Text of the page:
Glaucoma eye treatment Melbourne.


Glaucoma Treatment Options in Melbourne

Current glaucoma treatments focus on reducing intraocular pressure to prevent further optic nerve damage.

Eye drops and oral pills form the foundation of glaucoma treatment, aimed at lowering intraocular pressure to prevent optic nerve damage. Eye drops work by either reducing fluid production in the eye or increasing fluid outflow, while oral medications are typically used when eye drops are insufficient. These treatments require consistent use and adherence to the prescribed regimen to effectively manage the condition.

Laser surgery and minimally invasive glaucoma surgeries (MIGS) represent advanced treatments for glaucoma, focusing on reducing intraocular pressure with minimal tissue disruption. Laser surgeries, such as trabeculoplasty, improve fluid drainage, while MIGS offer an alternative with fewer complications and quicker recovery times. These approaches provide effective options for managing glaucoma, particularly for patients where medication alone does not suffice, illustrating the progress in surgical techniques aimed at preserving vision with less risk. VisionPro can refer you to an ophthalmologist if eye surgery is required.


Reducing Risk of Glaucoma

You should take note of the following advice to reduce your possibilities of developing glaucoma.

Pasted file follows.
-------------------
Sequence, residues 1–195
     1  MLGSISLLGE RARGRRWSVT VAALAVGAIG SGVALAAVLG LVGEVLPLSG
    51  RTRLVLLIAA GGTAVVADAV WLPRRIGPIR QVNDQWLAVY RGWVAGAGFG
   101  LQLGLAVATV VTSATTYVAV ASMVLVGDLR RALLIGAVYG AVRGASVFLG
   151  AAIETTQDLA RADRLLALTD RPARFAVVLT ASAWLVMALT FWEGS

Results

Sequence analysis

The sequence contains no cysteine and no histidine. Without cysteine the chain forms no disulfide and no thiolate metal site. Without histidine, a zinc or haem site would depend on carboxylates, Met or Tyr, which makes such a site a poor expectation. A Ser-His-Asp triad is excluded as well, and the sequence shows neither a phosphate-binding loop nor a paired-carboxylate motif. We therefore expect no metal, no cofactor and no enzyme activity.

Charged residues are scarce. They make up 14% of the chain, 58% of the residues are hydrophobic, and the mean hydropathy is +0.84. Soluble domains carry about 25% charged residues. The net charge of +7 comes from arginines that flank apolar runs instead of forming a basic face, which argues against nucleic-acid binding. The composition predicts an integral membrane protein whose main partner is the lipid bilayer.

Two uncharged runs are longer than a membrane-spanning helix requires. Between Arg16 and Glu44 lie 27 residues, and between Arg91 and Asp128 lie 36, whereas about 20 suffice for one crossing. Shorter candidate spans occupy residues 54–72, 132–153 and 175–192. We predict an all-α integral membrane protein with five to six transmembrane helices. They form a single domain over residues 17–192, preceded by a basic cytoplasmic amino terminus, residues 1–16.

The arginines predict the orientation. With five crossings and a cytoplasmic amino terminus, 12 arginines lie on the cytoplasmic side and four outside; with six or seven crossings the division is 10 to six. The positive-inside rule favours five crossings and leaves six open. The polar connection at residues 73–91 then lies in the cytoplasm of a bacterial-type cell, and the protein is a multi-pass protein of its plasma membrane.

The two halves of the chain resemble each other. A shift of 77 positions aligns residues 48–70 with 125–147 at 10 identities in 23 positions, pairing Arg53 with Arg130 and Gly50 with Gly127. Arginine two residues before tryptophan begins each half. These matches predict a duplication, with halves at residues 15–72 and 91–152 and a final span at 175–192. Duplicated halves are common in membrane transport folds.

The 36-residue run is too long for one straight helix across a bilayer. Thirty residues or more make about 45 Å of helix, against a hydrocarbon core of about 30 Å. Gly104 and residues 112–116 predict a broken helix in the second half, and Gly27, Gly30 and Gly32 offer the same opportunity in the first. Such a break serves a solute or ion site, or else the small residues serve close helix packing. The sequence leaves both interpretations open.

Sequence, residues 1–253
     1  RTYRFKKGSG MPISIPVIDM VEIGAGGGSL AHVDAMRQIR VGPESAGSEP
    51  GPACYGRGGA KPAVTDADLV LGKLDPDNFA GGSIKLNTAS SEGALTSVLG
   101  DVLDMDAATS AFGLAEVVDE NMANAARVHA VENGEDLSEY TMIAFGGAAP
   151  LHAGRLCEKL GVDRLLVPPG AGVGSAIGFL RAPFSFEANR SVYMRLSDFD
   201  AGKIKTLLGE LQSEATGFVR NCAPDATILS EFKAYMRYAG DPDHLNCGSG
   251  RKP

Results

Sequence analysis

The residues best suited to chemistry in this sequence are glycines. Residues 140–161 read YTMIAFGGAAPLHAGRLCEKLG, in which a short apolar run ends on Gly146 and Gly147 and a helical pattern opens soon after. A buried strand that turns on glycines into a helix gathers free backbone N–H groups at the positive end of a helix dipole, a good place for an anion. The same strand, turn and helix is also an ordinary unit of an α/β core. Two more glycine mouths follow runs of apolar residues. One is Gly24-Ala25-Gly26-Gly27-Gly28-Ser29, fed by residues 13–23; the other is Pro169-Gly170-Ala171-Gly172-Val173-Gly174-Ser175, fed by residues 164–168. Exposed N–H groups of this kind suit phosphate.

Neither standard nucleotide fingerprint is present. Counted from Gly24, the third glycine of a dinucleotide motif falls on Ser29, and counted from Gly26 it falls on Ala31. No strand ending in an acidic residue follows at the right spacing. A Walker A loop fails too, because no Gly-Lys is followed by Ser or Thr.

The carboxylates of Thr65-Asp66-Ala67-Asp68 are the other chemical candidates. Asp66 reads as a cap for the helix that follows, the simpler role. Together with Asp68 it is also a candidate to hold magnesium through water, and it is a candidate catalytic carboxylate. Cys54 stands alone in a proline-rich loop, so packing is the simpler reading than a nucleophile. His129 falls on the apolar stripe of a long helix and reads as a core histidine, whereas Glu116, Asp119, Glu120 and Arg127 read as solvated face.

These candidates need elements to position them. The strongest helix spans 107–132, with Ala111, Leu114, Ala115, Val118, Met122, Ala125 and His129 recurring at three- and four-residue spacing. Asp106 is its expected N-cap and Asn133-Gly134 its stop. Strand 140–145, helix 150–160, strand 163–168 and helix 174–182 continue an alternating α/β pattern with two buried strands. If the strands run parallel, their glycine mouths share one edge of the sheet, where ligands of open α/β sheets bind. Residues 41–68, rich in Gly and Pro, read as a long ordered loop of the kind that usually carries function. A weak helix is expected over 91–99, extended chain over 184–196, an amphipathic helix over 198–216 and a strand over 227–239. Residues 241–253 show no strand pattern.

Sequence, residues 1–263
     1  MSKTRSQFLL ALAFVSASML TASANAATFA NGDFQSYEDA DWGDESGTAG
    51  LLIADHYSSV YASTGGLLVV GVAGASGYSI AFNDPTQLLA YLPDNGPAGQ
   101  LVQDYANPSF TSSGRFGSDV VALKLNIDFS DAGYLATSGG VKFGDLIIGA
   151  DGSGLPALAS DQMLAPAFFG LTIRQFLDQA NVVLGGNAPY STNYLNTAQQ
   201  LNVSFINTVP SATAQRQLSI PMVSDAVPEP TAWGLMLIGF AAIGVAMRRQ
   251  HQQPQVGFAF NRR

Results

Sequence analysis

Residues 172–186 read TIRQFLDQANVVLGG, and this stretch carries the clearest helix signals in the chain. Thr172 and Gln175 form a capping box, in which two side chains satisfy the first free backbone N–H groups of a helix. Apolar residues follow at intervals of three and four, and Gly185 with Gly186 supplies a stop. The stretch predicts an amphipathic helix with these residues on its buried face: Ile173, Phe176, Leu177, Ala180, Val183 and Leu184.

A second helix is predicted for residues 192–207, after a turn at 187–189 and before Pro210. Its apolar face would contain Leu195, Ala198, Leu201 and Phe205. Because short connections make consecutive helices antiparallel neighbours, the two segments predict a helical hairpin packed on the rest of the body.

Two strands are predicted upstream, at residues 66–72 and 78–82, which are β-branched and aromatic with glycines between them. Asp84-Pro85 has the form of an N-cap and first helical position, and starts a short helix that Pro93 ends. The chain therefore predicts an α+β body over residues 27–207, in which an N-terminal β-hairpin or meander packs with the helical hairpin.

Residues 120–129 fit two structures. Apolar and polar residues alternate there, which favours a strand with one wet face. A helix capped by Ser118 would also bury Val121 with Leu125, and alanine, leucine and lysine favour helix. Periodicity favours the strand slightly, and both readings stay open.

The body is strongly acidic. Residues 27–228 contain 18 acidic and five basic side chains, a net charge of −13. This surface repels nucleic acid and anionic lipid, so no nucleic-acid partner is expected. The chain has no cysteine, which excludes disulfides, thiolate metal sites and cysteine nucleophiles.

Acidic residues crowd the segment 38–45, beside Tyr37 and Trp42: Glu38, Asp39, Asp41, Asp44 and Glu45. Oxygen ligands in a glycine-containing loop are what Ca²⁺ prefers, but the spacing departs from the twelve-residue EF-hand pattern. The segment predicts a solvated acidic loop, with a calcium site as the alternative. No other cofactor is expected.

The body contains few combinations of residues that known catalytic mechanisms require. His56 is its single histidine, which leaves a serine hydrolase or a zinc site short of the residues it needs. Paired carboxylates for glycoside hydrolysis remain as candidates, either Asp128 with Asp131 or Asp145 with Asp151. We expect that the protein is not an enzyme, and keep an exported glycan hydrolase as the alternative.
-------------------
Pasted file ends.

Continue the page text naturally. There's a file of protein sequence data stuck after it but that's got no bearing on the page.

• Get comprehensive dilated eye exams regularly. This becomes especially important if you are in a “high risk” group. These exams allow eye care professionals to inspect the back of the eye for early signs of the disease, which can be critical for preventing significant vision loss.
  • Start eye exams by age 40 to catch glaucoma early. This age marks a point where the risk starts to increase, and catching glaucoma early can lead to more effective management and a better prognosis. Early detection allows for timely intervention, potentially slowing or even halting the progression of the disease.
  • Discuss family health history, as glaucoma can be hereditary. If you have relatives who have been diagnosed with glaucoma, you might be at a higher risk of developing the condition yourself. Researching and sharing this information can prompt more tailored and frequent monitoring, ensuring that any signs of glaucoma are caught as early as possible.
  • Maintain a healthy weight and blood pressure. Both factors are linked to increased eye pressure, a significant risk factor for the disease. High blood pressure can affect the blood flow to the optic nerve, while obesity may increase intraocular pressure.